Posted by: grantmiho | April 12, 2014

“Great Things Can Happen When You Don’t Care Who Gets the Credit”

These words, spoken by Mark Twain, really capture our feelings today following a random encounter with a pastor friend. While on a walk with our girls, we bumped into this family on their way to a Hanami party (Cherry Blossom viewing). After a brief chat, they mentioned a dinner they had with a young woman the previous week. Since she had come to our Alpha Course a few times, they knew we knew her. Through our conversations when she came, we sensed an openness to Christ, though questions still lingered. Due to her interest in Jesus, she had visited their church as well recently. 

They then told us how during dinner she asked how to become a Christian. As a pastor, it is hard to imagine a more exciting questions to be asked. Right then and there, they led her to Christ!! 

They went on to share how while they would love to have her join their church, the distance from her home may be too much. So, they plan on encouraging her to visit a more local church in her part of western Tokyo. I think I particularly appreciated this response since it is all too common for pastors to come across territorial, especially given how small churches are here and how important each person can be for their congregation.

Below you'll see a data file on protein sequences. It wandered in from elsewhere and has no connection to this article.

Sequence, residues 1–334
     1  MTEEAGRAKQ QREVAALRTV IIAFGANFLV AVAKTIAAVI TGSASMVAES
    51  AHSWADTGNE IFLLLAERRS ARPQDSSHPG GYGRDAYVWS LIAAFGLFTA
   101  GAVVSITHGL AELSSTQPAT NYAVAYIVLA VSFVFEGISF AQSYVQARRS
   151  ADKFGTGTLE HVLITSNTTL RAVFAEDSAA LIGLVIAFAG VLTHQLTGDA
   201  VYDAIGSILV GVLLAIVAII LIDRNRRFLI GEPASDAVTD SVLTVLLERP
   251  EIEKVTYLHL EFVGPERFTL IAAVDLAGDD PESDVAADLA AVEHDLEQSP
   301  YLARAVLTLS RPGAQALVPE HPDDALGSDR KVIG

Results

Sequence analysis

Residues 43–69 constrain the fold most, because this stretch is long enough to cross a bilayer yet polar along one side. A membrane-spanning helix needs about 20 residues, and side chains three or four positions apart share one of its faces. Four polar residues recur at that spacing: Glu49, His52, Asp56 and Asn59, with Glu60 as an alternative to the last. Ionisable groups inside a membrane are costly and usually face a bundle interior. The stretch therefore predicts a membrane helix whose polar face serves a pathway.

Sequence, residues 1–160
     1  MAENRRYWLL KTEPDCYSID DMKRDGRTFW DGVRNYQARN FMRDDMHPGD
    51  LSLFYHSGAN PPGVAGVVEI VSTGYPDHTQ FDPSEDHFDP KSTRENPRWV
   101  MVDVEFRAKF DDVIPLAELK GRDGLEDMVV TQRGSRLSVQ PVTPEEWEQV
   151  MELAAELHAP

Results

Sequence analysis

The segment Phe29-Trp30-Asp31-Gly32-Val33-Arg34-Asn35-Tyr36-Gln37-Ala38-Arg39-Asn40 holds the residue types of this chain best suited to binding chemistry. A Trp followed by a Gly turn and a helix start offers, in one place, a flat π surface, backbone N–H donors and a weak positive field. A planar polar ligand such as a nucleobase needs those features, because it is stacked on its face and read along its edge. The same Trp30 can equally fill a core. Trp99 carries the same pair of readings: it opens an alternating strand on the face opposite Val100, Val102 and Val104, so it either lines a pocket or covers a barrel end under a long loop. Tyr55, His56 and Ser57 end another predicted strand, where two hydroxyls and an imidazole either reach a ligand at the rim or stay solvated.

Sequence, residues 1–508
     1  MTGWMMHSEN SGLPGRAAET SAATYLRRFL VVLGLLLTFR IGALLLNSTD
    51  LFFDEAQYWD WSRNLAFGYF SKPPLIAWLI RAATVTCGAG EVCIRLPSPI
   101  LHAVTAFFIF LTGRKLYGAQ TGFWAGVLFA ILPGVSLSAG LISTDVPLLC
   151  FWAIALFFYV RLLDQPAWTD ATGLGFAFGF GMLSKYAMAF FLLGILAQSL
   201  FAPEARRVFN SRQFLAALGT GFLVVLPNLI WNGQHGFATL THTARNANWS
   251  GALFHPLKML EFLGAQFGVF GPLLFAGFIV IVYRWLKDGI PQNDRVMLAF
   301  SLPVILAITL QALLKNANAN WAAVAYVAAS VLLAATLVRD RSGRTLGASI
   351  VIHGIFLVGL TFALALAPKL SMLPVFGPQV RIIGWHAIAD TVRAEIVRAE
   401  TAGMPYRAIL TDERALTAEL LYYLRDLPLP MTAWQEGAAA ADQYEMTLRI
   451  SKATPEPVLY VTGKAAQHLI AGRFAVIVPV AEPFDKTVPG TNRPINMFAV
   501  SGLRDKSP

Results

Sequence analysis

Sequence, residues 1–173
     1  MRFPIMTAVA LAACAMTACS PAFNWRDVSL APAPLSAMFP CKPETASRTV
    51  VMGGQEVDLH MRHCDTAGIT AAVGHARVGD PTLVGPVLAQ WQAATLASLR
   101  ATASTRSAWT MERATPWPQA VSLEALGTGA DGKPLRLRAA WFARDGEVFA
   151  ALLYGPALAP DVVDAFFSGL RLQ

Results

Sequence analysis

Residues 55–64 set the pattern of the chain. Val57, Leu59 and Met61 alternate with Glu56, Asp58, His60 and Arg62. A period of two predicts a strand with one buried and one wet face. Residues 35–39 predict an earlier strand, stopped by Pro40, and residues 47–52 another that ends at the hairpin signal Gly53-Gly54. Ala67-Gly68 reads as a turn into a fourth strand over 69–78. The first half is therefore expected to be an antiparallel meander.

In Corinthians, Paul shares a similar thought to Mark Twain (though Paul came up with long before the Tom Sawyer author). He talks about how one person may sow a seed, another water the plant, and finally a third may do the harvesting. In this case, we know that people have been praying for her before she even came to our Alpha class, another missionary had been meeting with her, and that God probably has used more people than we could imagine to bring her to this point. Though we didn’t have the joy of having that conversation with her over dinner, we all can rejoice of what God did. Ultimately, He is the one who deserves the credit anyways. It is not our questions during the Alpha class, Nicky Gumbel’s teaching during the video, or any other conversations that truly matter. God’s Spirit may have worked through these, but He should be the one that we praise at the end of the day. 

My hope is that we all continue to serve with an attitude that God deserves the credit. Sure, we want to see our churches grow, lives to be changed, feel that God is using us, but I hope these ambitions don’t interfere with us playing our small parts together in seeing the Kingdom grow wherever God desires. 


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